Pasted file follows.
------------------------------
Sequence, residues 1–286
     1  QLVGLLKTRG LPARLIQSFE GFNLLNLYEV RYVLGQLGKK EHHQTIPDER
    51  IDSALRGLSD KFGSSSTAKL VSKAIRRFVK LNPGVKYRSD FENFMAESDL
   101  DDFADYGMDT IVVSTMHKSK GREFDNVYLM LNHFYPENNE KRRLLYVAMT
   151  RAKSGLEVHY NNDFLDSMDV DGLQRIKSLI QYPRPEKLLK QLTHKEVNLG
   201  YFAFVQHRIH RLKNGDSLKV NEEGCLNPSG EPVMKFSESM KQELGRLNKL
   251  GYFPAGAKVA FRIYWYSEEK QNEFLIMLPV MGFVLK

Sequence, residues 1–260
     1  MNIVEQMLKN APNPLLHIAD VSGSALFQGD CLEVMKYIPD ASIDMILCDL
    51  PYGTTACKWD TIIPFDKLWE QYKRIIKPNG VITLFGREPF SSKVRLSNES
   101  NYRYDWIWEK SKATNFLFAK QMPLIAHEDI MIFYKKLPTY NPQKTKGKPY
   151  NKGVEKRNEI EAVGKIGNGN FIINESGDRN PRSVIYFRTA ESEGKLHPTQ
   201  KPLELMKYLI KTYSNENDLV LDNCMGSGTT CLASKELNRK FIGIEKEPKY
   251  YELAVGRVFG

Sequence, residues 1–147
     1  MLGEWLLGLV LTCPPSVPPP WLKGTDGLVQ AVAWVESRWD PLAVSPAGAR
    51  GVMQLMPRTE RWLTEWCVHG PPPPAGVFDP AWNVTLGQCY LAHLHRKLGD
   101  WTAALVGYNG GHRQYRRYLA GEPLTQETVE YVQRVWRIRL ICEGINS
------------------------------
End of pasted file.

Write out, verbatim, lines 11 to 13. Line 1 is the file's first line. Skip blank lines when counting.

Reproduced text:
   101  NYRYDWIWEK SKATNFLFAK QMPLIAHEDI MIFYKKLPTY NPQKTKGKPY
   151  NKGVEKRNEI EAVGKIGNGN FIINESGDRN PRSVIYFRTA ESEGKLHPTQ
   201  KPLELMKYLI KTYSNENDLV LDNCMGSGTT CLASKELNRK FIGIEKEPKY